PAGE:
Bleeding Later in Pregnancy
As your baby grows, the earlier concerns may decrease, but the MayoClinic.com notes other causes of bleeding during later stages of pregnancy.
Sometimes the cervix opens up early without labor. This is called an incompetent cervix or might be the result of an infection or a large fibroid tumor growing within the uterus.
Sometimes there can be blood-tinged mucous from bloody show, which is a sign of labor. If a bloody show occurs before 37 weeks, it could be an early sign of preterm labor and needs to be discussed with your OB care provider as soon as possible.
Placenta previa occurs when the placenta is very low in the uterus, either partially or totally covering the cervix. A first sign can be bleeding and pain. This condition is commonly seen on ultrasound. If an early ultrasound shows the placenta being low lying, a follow up ultrasound might confirm the placenta has moved out of the way of the cervix.
Placenta abruption is when the placenta begins to pull away from the side of the uterus, depriving the baby of oxygen. Bleeding might be heavy, sometimes bright red, and there may be pain. Sometimes placenta abruption is related to smoking or the use of a stimulant or other recreational drug.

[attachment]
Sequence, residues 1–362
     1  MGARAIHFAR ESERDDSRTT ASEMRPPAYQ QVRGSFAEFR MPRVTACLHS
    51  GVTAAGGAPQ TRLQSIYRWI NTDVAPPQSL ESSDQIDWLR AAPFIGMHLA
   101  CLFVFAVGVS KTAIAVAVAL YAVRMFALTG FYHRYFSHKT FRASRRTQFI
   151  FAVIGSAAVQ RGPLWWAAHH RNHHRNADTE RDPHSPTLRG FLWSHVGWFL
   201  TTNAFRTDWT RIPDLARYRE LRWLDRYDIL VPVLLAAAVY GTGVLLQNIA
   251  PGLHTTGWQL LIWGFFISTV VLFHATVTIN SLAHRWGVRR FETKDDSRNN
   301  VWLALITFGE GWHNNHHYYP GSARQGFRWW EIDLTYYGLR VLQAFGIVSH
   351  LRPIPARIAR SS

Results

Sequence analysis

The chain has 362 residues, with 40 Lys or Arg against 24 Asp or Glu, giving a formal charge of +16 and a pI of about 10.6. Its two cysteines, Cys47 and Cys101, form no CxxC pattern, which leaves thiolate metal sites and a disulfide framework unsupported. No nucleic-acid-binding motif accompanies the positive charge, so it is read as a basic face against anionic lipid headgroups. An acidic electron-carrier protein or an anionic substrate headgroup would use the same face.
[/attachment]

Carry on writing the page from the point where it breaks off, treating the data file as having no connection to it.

Evaluations and Management for Bleeding in Pregnancy
Diagnostic tests for bleeding will probably include a pelvic exam, pregnancy test, blood work, and ultrasound. If an ectopic pregnancy seems likely, a laparoscopy might be performed, which allows your OB provider to look inside of your abdomen and try to determine the cause of the bleeding.
Treatment will vary, depending upon the determined cause. If there is an infection, or the cause is minor, medications and perhaps bed rest are all that will be required. If your baby isn't growing at all and you are having a miscarriage, or you have an ectopic pregnancy, then your provider will have several different options for you. Sometimes surgery or medications are recommended or the pregnancy may spontaneously miscarry. Early diagnosis and treatment helps to avoid surgery.
Ultrasounds can show the placenta and the relationship of the baby to the placenta. Sources of bleeding can be seen also. Your provider will also monitor the fetal heart rate and do blood tests, especially if you are bleeding heavily. If your placenta is pulling away from the side of the uterus, this is considered an emergency. A low lying placenta might indicate a cesarean birth is necessary. These are all things your OB provider will discuss with you.
What Are Some Helpful Questions I Can Ask My OB Health Care Provider?
Although bleeding during pregnancy can be scary, it is important to seek medical care as soon as possible. You can ask your health care provider questions to help you understand your current medical situation. Examples include:
- What do you think is the cause of the pregnancy bleeding?
- Could this be an ectopic pregnancy or a miscarriage?
- What can be done to stop the bleeding?
- What can be done to protect the baby?
The outcome of pregnancy bleeding depends on the cause and whether it is treatable. No matter what, it is important to follow your OB's instructions to ensure the best outcome possible.